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Azaryah, Hatim; Verdejo-Roman, Juan; Martin-Perez, Cristina; Garcia-Santos, Jose Antonio; Martinez-Zaldivar, Cristina; Torres-Espinola, Francisco J.; Campos, Daniel; Koletzko, Berthold; Perez-Garcia, Miguel; Catena, Andres; Campoy, Cristina (2020): Effects of Maternal Fish Oil and/or 5-Methyl-Tetrahydrofolate Supplementation during Pregnancy on Offspring Brain Resting-State at 10 Years Old: A Follow-Up Study from the NUHEAL Randomized Controlled Trial. In: Nutrients, Vol. 12, No. 9, 2701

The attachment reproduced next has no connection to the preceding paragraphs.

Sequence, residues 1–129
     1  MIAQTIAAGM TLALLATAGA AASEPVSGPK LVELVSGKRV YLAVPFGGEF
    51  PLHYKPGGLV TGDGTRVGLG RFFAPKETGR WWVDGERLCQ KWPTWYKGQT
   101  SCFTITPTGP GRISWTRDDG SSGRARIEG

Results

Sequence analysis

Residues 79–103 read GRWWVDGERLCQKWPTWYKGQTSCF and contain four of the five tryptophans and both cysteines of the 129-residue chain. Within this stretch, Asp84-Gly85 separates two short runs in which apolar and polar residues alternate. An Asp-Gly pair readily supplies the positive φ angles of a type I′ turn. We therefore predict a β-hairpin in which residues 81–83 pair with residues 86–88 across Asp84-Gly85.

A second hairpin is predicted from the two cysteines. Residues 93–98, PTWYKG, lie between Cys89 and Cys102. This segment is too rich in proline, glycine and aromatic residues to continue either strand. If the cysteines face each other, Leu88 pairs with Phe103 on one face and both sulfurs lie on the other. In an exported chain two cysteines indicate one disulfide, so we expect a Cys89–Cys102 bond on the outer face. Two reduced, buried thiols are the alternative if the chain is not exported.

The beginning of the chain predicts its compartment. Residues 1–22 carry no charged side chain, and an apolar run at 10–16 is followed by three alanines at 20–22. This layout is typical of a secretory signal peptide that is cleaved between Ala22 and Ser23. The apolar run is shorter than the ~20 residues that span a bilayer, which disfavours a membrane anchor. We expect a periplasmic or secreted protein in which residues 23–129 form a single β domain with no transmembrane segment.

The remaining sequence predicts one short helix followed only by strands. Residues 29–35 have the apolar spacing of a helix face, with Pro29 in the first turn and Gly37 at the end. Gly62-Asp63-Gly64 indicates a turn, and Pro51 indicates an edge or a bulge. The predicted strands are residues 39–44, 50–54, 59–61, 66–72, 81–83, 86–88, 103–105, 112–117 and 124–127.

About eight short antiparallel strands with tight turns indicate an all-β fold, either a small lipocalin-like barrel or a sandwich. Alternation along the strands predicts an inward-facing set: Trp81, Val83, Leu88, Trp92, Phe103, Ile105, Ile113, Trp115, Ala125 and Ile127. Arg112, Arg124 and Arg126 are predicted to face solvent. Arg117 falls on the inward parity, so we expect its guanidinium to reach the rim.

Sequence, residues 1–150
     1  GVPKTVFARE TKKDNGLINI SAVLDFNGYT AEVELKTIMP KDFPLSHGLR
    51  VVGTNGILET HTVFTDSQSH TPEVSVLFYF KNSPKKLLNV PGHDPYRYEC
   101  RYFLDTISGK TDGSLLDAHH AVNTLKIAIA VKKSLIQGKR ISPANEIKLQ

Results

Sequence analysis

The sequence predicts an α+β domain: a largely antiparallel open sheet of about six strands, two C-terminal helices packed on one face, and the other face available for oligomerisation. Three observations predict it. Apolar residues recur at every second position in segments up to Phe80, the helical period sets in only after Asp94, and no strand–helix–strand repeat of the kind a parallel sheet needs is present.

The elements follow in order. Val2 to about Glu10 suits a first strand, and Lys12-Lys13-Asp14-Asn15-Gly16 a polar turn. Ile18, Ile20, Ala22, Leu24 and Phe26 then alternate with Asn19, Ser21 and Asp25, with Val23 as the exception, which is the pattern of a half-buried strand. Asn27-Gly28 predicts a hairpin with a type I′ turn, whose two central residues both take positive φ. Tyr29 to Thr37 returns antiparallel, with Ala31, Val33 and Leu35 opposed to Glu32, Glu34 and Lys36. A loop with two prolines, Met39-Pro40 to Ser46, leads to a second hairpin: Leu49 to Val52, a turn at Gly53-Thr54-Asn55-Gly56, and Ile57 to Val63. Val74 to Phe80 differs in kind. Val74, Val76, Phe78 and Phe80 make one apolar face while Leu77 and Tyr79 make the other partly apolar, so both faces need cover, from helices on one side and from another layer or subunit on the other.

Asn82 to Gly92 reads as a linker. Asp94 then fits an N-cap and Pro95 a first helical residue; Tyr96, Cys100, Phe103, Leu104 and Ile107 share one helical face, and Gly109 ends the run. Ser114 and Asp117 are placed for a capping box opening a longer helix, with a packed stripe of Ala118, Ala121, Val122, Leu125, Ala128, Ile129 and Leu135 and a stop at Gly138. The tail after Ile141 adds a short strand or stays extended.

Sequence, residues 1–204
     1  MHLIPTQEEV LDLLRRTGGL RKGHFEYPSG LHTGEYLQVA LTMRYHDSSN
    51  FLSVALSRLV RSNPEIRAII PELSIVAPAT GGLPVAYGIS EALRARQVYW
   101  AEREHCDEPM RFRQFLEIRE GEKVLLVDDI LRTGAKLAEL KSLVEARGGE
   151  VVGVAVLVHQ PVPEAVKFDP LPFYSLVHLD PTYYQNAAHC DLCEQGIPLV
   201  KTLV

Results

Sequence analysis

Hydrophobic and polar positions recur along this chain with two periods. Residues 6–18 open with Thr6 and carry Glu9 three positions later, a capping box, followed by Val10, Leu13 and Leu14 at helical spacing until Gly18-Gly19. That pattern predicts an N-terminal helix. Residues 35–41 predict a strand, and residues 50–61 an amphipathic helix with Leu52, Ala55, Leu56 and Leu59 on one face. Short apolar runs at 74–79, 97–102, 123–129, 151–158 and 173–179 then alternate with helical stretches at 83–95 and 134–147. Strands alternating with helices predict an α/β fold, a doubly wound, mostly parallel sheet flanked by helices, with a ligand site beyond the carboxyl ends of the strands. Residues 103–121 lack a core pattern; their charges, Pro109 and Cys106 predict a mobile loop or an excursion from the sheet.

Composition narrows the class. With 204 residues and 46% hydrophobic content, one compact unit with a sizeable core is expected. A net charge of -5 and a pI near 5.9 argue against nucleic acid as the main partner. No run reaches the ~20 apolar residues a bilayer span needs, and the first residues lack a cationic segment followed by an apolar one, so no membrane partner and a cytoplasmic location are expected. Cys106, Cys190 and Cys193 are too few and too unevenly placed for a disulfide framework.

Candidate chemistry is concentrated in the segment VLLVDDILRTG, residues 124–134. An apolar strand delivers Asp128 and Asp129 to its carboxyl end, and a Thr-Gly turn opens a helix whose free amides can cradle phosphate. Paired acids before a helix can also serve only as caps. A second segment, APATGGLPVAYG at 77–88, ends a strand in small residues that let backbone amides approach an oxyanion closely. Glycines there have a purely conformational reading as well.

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Recent studies have shown that maternal supplementation with folate and long-chain polyunsaturated fatty acids (LC-PUFAs) during pregnancy may affect children's brain development. We aimed at examining the potential long-term effect of maternal supplementation with fish oil (FO) and/or 5-methyl-tetrahydrofolate (5-MTHF) on the brain functionality of offspring at the age of 9.5-10 years. The current study was conducted as a follow-up of the Spanish participants belonging to the Nutraceuticals for a Healthier Life (NUHEAL) project;57 children were divided into groups according to mother's supplementation and assessed through functional magnetic resonance imaging (fMRI) scanning and neurodevelopment testing. Independent component analysis and double regression methods were implemented to investigate plausible associations. Children born to mothers supplemented with FO (FO and FO + 5-MTHF groups, n = 33) showed weaker functional connectivity in the default mode (DM) (angular gyrus), the sensorimotor (SM) (motor and somatosensory cortices) and the fronto-parietal (FP) (angular gyrus) networks compared to the No-FO group (placebo and 5-MTHF groups, n = 24) (P-FWE < 0.05). Furthermore, no differences were found regarding the neuropsychological tests, except for a trend of better results in an object recall (memory) test. Considering the No-FO group, the aforementioned networks were associated negatively with attention and speed-processing functions. Mother's FO supplementation during pregnancy seems to be able to shape resting-state network functioning in their children at school age and appears to produce long-term effects on children ' s cognitive processing.